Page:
Levator Scapulae


Levator scapulae is a posterior Axio-appenducular muscle that connects the upper limb to the vertebral column and lies in the posterior triangle of the neck. The superior aspect of the levator scapulae is covered by sternocleidomastoid, and its inferior part by trapezius.[1]

Levator scapulae muscle animation small2.gif


The levator scapulae originates on the posterior tubercle of transverse process of cervical vertebrae 1 to 4.[2]


The levator scapulae inserts on to the vertebral margin of the scapula between the superior angle and the root of the spine.[3]


The superior third of the strap-like levator scapulae lies deep to the sternocleidomastoid while the inferior third is deep to the trapezius. From the transverse processes of the upper cervical vertebrae, the fibers of the levator of the scapula pass inferiorly to the superomedial border of the scapula.[1]

Nerve Supply

The levator scapulae is innervated by cervical nerve (C3-C4) and dorsal scapular nerve (C5).[4]

Blood Supply

Descending scapular artery[5]


The levator scapulae functions to elevate the scapula and tilt the glenoid cavity inferiorly by rotating the scapula downward. [6]

If the scapula is fixed, a contraction of the levator scapulae leads to the lateral flexion of the cervical vertebral column to the side and stabilizes the vertebral column during rotation.

Clinical Relevance

Forward head posture puts increased tension on the levator scapulae muscles to co-contract for cervical extension in an elongated position.[7] Increased tightness in the levator scapulae due to increased activity from a forward head posture can lead to cervicogenic headaches.


The levator scapulae length and tension can be assessed by placing the patient in supine, stabilizing the ipsilateral scapula, and contralateraly side bend and rotate the head. Also, trigger points are common in this muscle and can be palpated for in both the superior attachment and inferior attachment.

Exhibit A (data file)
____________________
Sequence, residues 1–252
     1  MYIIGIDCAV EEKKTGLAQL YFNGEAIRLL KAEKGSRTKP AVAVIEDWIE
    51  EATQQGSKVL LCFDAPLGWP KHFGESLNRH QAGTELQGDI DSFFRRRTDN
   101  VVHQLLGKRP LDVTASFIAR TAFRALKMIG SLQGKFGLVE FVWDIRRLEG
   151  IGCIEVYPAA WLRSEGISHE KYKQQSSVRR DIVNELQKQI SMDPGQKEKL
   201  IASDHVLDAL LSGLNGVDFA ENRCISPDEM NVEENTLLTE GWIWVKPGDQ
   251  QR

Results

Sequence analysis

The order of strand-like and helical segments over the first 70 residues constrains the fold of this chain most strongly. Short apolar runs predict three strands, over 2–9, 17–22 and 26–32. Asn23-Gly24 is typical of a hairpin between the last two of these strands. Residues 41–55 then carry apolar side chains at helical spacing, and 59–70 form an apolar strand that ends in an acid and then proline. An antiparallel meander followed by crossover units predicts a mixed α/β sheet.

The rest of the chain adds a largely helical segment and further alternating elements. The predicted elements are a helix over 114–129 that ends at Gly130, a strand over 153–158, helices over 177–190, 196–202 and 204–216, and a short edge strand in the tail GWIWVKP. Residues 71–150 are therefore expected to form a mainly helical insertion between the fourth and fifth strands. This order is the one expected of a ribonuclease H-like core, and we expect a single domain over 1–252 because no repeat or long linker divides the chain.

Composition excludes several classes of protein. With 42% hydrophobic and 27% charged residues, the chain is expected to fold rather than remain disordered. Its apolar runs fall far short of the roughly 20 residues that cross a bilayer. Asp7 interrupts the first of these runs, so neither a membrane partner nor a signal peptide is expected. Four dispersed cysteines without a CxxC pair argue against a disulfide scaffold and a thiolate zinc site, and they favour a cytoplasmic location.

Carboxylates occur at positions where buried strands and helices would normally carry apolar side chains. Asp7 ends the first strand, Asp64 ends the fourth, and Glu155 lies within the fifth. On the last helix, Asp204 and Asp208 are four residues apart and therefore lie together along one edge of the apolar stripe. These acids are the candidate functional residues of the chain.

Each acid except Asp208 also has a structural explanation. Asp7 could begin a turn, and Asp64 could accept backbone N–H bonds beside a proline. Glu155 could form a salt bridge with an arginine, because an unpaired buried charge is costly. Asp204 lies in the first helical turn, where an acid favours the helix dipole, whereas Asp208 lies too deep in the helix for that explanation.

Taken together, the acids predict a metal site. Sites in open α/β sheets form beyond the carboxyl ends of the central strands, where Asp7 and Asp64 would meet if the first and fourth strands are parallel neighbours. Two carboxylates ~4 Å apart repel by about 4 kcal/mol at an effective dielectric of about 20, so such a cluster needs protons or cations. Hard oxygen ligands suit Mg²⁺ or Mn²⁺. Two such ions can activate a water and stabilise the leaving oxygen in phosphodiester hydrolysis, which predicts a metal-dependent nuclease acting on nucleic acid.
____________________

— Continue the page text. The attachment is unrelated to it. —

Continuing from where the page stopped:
Pain or discomfort caused by the levator scapulae can be relieved by various modalities and active movements to provide relief.


  1. 1.0 1.1 Keith, L., Arthur, F. and Anne, M. (n.d.). Moore Clinically Oriented Anatomy. 7th ed.
  2. http://www.anatomyexpert.com/structure_detail/5502/
  3. Marieb EN, Hoehn K. Human anatomy & physiology. 10th ed. Boston, Ma: Pearson; 2016.
  4. Gray, Henry. Anatomy of the Human Body. Philadelphia: Lea & Febiger, 1918; Bartleby.com, 2000. www.bartleby.com/107/121.html
  5. Joseph P Iannotti, Richard Parker.fckLRThe Netter Collection of Medical Illustrations: Musculoskeletal System, Volume 6, Part I - Upper Limb. Elsevier Health Sciences. 2012
  6. Paine R, Voight ML. The role of the scapula. International journal of sports physical therapy. 2013 Oct;8(5):617. Available from: https://www.ncbi.nlm.nih.gov/pmc/articles/PMC3811730/ (last accessed 30.1.2020)
  7. Kim E-K, Kim JS. Correlation between rounded shoulder posture, neck disability indices, and degree of forward head posture. J Phys Ther Sci [Internet]. 2016 Oct [cited 2018 Jul 4];28(10):2929–32. Available from: https://www.ncbi.nlm.nih.gov/pmc/articles/PMC5088155/